In addition, companies looking at how technological interfaces can be optimised for the ageing. Older individuals ageing at home might be less able to engage fully in a physical manner in family life, they generally strongly wish to remain connected with its unique sensory familiarity in terms of colour, sound and tempo. Given that hearing, sight and touch capabilities deteriorate with age, an interface’s cognitive ergonomics must be sound – that is, they need to enable ease of information access and utilisation so that seniors can have a positive user experience.
Bundled products are also a natural fit for Asia’s ageing “sandwich” generation – the offspring of today’s seniors. These individuals are in their 40s and older, and are caring for their children and their parents (and sometimes even grandparents). Many of these individuals are approaching retirement age themselves and increasingly need to determine how their elders will be cared for, driven by filial piety (the virtue of respect for one’s parents, elders, and ancestors).
Several insurers as well as technology companies are already looking at how home health care management can be bundled, optimised, and integrated with insurance cover.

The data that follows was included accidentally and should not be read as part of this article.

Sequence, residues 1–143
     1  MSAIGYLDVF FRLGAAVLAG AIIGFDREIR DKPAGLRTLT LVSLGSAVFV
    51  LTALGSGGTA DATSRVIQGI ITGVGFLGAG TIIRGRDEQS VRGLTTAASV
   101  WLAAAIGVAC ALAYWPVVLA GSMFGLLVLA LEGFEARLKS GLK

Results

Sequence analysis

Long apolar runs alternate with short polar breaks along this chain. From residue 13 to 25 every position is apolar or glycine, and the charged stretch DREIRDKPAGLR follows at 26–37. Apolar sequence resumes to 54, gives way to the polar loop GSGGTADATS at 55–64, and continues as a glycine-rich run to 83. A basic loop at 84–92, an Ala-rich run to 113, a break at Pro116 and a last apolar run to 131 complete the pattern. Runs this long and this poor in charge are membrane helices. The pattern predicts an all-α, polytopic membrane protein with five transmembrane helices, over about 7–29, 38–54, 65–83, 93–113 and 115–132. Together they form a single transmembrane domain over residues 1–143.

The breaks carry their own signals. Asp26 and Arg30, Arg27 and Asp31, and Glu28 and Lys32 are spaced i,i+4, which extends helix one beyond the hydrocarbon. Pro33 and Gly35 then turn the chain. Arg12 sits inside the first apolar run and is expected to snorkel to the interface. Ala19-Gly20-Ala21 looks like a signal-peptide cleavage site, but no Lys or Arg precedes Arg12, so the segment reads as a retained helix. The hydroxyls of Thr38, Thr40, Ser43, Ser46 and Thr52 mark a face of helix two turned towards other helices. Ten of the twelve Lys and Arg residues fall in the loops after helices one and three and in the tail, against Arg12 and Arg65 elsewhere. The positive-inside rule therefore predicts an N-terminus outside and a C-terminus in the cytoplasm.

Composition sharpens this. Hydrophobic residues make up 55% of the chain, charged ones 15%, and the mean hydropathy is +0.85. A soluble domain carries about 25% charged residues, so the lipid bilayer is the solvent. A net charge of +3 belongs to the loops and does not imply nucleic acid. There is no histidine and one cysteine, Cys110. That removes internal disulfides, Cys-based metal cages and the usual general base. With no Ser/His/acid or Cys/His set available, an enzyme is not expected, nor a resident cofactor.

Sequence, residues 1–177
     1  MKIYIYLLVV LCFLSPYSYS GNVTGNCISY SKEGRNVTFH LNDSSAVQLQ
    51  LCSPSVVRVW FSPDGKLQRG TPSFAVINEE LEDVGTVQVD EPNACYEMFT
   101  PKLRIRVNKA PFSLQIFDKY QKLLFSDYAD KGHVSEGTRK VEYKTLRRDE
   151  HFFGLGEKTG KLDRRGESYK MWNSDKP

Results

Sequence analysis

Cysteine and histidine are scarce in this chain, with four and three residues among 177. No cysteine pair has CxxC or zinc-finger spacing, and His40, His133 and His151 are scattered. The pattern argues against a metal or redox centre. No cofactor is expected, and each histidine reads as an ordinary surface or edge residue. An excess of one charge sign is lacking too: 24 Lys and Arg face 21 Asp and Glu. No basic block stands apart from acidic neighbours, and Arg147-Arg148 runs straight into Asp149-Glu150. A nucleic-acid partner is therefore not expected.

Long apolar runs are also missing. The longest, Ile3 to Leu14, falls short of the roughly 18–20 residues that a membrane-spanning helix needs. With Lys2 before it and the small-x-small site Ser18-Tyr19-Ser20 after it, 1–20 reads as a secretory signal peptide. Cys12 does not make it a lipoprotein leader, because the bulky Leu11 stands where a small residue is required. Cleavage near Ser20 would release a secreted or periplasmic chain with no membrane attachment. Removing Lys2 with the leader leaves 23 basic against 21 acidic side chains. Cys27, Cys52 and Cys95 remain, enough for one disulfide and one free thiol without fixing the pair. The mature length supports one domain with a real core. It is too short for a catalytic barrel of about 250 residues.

Some are investigating bundling not only coverage for biometric tracking apps but access to vetted service providers for everything from coaches for healthy eating and fitness needs to companies that can analyse and enhance a home’s technological capabilities. Several issues, including the adoption of technology and ways to assess risk for such product bundles, are being worked on.
In terms of technology, one interesting area of technology development that might favour elderly target populations is that of Internet of Things (IoT). IoT, put simply, is internet-based technology that enables interactive computing devices to be embedded in everyday objects and technologies.
Think, for example, of some of the newest refrigerators: those that are IoT-enabled can connect with a smartphone, track food contents and expiration dates, generate shopping lists, and even stream TV feeds. IoT technologies could also be utilised to not only help seniors to retain independence but also to help elders retain a satisfactory level of connectivity with their families and communities.